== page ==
WASHINGTON—Cable operators are telling the Federal Communications Commission to vigorously defend its conclusion that it can open up the 6-Gigahertz band to unlicensed mobile indoor WiFi without causing harmful interference with broadcast electronic newsgatherers (ENGs), which also use the band.
NCTA-The Internet & Television Association told the FCC in comments that broadcasters had not provided any credible evidence of harmful interference to mobile indoor operations. “The commission can easily dispel [the National Association of Broadcasters’] concerns,” it said, encouraging the regulator “to do so promptly to ensure that American consumers can benefit from the panoply of innovative services and applications that unlicensed access to the 6-GHz band will make possible.”
The U.S. Court of Appeals for the D.C. Circuit in December upheld most of the FCC’s decision, but did say the agency had not sufficiently responded to a request from broadcasters that it reserve a sliver of the band exclusively for mobile licensees due to potential interference. It asked the FCC to make a better case.
NCTA's comments were in response to that court remand.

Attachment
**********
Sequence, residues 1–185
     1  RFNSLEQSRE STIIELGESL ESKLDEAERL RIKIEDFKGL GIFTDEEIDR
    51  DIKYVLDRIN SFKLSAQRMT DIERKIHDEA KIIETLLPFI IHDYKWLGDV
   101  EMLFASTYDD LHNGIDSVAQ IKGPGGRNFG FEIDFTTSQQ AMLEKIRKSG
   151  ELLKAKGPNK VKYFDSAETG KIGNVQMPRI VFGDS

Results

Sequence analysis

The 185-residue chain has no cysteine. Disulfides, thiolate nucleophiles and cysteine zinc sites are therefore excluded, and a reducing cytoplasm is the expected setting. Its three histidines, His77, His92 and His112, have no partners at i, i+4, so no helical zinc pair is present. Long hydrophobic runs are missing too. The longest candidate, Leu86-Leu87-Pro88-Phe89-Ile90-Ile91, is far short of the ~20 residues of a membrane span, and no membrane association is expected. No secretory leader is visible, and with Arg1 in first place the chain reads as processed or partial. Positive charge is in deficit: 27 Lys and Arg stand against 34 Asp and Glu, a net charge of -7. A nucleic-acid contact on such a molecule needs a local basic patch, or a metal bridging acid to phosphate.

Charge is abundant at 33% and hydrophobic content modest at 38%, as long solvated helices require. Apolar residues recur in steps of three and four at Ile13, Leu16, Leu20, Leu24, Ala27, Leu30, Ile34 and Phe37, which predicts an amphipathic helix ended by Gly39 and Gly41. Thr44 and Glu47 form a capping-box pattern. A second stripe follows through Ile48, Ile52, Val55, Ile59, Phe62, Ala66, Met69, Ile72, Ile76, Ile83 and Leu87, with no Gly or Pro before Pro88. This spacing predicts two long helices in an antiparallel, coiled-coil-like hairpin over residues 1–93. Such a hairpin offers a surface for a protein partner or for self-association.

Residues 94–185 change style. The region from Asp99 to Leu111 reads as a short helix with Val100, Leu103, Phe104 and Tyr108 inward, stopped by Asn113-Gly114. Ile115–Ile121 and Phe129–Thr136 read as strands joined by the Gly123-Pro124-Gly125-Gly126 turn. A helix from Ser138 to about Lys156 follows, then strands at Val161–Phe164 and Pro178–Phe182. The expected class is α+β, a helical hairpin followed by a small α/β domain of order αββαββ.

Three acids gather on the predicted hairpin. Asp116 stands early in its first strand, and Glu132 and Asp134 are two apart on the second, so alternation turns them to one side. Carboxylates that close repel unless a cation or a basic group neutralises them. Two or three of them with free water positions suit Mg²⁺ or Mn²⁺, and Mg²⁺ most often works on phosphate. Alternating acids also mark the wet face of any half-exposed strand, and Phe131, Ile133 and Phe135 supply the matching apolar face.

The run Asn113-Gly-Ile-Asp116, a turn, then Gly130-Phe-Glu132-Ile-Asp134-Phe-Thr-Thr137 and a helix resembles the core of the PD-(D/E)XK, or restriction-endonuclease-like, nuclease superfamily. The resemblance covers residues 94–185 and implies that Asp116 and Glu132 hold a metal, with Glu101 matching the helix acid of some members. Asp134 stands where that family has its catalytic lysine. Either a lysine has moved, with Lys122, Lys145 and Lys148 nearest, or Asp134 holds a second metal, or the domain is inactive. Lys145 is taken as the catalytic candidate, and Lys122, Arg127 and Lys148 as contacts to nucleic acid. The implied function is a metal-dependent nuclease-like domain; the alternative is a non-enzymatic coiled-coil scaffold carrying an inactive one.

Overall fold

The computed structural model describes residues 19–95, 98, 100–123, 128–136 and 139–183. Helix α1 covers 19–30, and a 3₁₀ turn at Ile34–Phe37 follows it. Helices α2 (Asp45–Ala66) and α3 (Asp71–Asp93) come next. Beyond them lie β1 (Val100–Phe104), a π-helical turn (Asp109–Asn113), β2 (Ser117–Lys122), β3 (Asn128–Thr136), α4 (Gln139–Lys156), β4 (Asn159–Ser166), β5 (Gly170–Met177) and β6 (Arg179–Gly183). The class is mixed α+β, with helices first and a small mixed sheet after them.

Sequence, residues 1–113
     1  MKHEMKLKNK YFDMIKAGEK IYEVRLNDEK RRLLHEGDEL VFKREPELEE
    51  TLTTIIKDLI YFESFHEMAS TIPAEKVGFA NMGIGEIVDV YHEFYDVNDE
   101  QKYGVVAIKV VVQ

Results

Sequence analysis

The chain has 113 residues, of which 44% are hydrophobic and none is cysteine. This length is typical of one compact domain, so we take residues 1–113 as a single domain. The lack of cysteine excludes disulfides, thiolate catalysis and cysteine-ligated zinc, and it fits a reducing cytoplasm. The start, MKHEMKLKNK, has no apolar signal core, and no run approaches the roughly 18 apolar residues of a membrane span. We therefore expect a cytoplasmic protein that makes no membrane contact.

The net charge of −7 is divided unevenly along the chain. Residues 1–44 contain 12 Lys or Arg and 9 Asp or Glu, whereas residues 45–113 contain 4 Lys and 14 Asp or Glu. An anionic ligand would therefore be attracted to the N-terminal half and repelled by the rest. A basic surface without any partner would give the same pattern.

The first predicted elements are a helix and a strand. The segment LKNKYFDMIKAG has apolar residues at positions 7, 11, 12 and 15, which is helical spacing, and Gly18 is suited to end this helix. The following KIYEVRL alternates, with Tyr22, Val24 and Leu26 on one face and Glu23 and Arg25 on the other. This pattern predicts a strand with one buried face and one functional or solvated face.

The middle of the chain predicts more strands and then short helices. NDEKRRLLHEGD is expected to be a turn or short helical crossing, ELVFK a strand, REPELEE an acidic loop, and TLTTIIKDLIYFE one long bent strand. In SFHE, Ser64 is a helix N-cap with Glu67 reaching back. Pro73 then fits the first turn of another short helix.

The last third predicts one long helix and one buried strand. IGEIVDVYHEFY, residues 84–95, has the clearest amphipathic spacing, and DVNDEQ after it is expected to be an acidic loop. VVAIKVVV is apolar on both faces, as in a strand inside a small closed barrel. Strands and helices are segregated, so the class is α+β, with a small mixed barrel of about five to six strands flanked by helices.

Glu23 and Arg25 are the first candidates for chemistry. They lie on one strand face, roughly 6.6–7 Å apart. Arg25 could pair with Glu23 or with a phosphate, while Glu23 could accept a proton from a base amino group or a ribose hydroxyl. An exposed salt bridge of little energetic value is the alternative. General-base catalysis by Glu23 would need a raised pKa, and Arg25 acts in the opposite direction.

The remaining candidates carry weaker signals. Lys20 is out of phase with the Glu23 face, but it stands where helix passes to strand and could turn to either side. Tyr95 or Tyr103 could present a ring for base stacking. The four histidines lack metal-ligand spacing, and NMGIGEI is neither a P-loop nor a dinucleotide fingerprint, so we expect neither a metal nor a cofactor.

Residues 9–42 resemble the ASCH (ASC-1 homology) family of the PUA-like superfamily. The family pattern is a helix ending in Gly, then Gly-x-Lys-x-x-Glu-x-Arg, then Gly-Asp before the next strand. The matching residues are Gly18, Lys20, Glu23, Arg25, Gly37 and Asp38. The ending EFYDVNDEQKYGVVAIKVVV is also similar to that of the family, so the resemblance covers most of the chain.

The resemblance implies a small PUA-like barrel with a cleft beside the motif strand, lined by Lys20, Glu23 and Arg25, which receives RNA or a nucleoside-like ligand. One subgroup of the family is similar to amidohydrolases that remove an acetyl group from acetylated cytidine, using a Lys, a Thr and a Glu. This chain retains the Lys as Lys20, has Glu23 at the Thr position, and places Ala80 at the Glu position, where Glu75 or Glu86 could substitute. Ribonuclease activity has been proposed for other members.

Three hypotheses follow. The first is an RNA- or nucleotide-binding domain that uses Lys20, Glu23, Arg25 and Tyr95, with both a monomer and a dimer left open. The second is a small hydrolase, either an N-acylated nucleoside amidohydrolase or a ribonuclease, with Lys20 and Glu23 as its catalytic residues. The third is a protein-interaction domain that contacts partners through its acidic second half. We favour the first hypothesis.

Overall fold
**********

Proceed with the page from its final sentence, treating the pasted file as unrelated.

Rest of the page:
Petitioning the court to reverse the FCC’s decision were AT&T, Lumen Technologies, electric utilities, the Association of Public-Safety Communications Officials International (APCO), and the NAB.
Broadcasters had argued for protecting ENG crews already using the band by reserving an 80-MHz sliver for them, saying there was too much risk of harmful interference to that ever-more-crucial service in a time of pandemic.
But FCC engineers concluded that the band could be shared and ENG (and utility companies) protected with the conditions the agency had imposed. All of the commissioners agreed, but at least on the point of a sliver for mobile licensees, the court did not.
NCTA said the FCC should be able to assuage the court's concerns given what it calls the “insignificant” risk of harmful interference.
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Contributing editor John Eggerton has been an editor and/or writer on media regulation, legislation and policy for over four decades, including covering the FCC, FTC, Congress, the major media trade associations, and the federal courts. In addition to Multichannel News and Broadcasting + Cable, his work has appeared in Radio World, TV Tech, TV Fax, This Week in Consumer Electronics, Variety and the Encyclopedia Britannica.